'Legends' Apartment Complex In Cape Girardeau Holds Forum, Addresses Crime Concerns
Nearly two weeks after a shooting incident at the Legends apartment complex, management held an open forum to address residents’ safety concerns on Jan. 31 at 4 p.m. in the Legends Clubhouse.
At the meeting, residents and residents’ parents voiced their concerns regarding the complex’s recent safety measures, tenant screening processes, and communication from management.
Cape Girardeau police officers and new Legends managers were present at the meeting to answer questions.
Corp. Richard Couch of the Cape Girardeau Police Department (PD) said they are still investigating the Jan. 18 shooting incident at Legends, in which one man was injured in a physical altercation with a man carrying a rifle.
“We couldn’t find the guy with the gun. No one told us where he went to, other than [telling us] he went into the building,” Couch said. “He went into the building, out of camera range, and he vanished. We have information preliminarily that this was a drug deal gone bad.”
Cape PD has patrolled the Legends property since the incident, but will stop patrolling the property after Jan. 31 as the private security company, 5th Meridian Group, takes over. The security company will have an armed officer on the property every night from 9 p.m. to 5 a.m.
5th Meridian Group CEO Michael Allen said they will not patrol during the day because Legends management believes “the majority of the problems are occurring at night.” A DATE statement from Cape PD Sgt. Joey Hann states the Jan. 18 incident occurred around 2 p.m.
To deter crime during the day, Legends management said they plan to have staff present on-site, including their new general manager, Gary Conner, hired Jan. 25. Conner is currently living on Legends property and plans to remain on the property. Conner said the previous Legends management is still with the company, but in “lesser roles.”
As for the Cape PD, Couch said in the past he has “dealt with a different property manager about every six months” at Legends, which may have hurt communication between police and management. Now, Couch thinks the property has solid management that is taking action.
A Legends resident at the forum, who wished to remain anonymous, said they think hiring a security guard is a great idea, but don’t think it is enough.
“[I’m concerned] about the fact that there are no cameras except for the main areas and around the main building,” the resident said.
At the forum, multiple residents asked about the security cameras and the frequently-broken front gates. Conner said the gates break from cars bumping into them, but management has extra belts in storage to fix the gates.
As for cameras, Conner said they have a camera bank, but there are not cameras everywhere, and they do not “cover every single inch.” Conner said he thinks cameras and gates create a “false sense of security.”
“What makes [a complex] really secure is having a good community of people who talk and tell each other what is going on,” Conner said.
Evictions and screenings
Conner said the people involved in the recent incidents have been evicted, and their belongings are out of the apartments. Management said approximately 10 people have been evicted.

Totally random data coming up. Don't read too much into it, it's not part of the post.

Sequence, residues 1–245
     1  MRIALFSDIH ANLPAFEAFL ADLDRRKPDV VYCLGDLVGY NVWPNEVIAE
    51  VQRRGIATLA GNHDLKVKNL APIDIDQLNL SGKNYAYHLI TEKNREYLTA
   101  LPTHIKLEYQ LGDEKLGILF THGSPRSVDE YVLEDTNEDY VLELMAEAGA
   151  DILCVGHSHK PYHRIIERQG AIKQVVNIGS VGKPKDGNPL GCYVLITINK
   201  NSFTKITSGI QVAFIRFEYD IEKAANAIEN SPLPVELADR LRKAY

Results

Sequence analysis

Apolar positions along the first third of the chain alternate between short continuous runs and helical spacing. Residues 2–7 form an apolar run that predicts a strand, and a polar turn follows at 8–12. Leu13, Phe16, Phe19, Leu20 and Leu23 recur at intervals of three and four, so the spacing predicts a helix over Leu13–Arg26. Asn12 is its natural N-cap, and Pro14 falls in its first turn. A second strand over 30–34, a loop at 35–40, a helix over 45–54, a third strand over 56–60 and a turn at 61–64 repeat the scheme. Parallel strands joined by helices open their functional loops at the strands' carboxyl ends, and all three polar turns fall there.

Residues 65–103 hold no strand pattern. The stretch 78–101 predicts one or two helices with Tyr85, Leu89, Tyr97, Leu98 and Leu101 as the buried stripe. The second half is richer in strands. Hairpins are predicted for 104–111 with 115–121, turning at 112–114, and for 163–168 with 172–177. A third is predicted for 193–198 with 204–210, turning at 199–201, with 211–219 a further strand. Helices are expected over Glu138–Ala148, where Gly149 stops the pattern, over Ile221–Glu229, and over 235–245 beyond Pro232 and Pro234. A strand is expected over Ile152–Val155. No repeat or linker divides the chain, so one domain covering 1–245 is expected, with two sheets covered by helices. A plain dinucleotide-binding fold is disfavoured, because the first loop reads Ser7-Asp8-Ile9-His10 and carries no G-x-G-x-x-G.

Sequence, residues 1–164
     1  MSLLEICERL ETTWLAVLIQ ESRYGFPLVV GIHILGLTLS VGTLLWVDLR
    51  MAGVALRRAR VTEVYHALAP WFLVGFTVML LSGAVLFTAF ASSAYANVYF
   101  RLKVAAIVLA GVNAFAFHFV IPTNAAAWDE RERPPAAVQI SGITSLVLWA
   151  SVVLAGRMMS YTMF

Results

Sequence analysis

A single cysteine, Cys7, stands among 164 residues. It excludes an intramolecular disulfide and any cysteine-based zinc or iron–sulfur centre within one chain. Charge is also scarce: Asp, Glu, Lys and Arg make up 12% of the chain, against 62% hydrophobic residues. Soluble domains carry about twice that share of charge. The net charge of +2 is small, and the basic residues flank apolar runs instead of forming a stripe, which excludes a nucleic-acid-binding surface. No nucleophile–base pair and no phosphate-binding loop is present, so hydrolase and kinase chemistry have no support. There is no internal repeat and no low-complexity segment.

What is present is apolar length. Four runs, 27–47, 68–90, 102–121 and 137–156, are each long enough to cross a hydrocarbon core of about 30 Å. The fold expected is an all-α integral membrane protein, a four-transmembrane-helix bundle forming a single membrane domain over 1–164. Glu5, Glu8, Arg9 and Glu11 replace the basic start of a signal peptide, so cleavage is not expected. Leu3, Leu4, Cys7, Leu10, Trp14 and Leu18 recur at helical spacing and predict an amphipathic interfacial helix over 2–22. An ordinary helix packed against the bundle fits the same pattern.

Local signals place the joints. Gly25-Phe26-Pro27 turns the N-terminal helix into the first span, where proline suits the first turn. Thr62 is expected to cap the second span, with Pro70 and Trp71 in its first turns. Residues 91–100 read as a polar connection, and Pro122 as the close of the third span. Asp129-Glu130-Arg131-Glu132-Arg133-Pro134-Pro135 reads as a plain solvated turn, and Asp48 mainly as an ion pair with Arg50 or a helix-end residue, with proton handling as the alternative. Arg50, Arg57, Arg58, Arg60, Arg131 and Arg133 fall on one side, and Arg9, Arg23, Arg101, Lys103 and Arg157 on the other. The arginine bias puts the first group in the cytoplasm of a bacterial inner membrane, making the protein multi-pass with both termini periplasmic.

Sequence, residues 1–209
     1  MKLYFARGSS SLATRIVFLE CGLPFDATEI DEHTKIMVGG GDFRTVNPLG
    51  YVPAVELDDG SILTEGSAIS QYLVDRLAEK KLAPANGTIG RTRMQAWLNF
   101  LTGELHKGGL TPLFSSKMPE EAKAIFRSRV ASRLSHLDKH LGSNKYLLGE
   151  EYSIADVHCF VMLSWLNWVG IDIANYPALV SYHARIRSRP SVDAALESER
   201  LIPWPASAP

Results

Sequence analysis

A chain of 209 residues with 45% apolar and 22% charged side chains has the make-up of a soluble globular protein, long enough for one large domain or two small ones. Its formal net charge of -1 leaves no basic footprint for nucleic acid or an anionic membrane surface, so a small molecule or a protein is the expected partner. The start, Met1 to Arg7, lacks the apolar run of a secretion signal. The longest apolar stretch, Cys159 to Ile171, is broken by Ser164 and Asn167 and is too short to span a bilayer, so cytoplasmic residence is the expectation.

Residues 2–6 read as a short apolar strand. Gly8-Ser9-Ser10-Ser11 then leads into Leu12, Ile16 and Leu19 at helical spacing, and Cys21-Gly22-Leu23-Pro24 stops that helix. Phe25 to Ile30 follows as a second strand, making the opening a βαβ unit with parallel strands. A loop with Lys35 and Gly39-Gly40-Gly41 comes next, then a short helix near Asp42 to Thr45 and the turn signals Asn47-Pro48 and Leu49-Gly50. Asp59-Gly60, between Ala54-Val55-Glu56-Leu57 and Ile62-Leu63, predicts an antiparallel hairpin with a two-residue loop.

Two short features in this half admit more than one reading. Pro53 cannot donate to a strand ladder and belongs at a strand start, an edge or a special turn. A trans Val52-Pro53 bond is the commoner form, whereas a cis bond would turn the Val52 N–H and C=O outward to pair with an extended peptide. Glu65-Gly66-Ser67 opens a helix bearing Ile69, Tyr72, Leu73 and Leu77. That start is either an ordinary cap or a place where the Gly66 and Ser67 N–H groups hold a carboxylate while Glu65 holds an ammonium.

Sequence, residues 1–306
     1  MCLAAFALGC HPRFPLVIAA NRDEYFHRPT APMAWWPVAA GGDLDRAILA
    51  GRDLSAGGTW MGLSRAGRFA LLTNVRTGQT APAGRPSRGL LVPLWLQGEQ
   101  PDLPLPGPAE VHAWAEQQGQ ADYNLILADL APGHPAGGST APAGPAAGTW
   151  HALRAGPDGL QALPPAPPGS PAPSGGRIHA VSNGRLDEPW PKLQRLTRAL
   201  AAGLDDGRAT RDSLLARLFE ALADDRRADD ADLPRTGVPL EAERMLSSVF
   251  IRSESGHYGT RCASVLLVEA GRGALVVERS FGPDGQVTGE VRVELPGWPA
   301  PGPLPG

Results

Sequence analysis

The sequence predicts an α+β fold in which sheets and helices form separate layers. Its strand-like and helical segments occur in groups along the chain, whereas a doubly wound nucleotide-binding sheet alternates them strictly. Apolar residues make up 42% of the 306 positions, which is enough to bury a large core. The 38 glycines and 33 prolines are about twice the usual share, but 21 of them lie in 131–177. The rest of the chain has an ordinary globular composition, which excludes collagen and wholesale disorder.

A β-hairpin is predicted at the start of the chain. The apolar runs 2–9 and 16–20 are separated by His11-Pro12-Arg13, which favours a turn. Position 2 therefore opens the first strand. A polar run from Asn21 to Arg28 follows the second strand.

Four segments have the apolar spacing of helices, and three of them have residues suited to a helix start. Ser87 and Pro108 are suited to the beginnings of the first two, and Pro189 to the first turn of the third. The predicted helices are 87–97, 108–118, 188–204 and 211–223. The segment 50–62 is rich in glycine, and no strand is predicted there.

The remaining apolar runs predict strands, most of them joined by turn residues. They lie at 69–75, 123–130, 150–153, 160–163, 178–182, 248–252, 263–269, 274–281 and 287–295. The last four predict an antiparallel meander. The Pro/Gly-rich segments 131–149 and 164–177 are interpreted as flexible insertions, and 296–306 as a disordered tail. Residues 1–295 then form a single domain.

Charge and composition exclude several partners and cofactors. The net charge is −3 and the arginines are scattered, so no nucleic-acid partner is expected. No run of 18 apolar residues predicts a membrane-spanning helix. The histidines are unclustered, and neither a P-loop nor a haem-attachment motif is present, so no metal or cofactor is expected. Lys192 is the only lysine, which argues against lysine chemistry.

Although evictions are typically a 30-day process, Conner said there are protocols for emergency evictions. Legends management said they have a no-tolerance policy for drugs and weapons, so if tenants are caught with either, they will be evicted.
Couch said Legends management is currently taking the Cape PD’s program to become a crime-free, multi-housing unit. In a previous Arrow article, Sgt. Joey Hann of the Cape PD stated it would be wise to ask landlords if they are certified members of the program before signing a lease.
During the program, Cape PD offers guidance to multi-housing unit managers on strict crime resistance practices. Couch said screening tenants is one of the biggest talking points, and complexes “can’t screen [tenants] enough.”
Legends management said everyone is screened before they are allowed to live at the complex, but they are not screened continually, since there are 591 residents.
However, if management is notified of a felony taking place after admission to the apartments, then they are able to take action. No one with a felony is permitted to live at the apartments.
Multiple residents said at the forum they have contacted management in the past but did not receive prompt or helpful responses.
“I’ve called multiple times, and I have not been called back. [I’ve called] about trivial things and about more serious things,” a resident said.
Legends has an off-hour answering service, but residents said when they called, many were sent to a voicemail box.
Management said they paid for the off-hours answering service and was surprised to hear of the difficulties. They stressed residents should communicate with management when issues arise by calling Legends or Conner who provided his cell number.
Couch said based on the calls for service to the Cape PD since the Jan. 18 incident, he thinks Legends “is trending in the right direction.”
Couch said the Cape PD will put together a document with websites and contact numbers to help residents know who to call when a situation arises.
At the end of the meeting, some residents said they did not feel like their questions were answered.
This story was originally published by the Southeast Arrow, who is a contributing partner with KRCU Public Radio.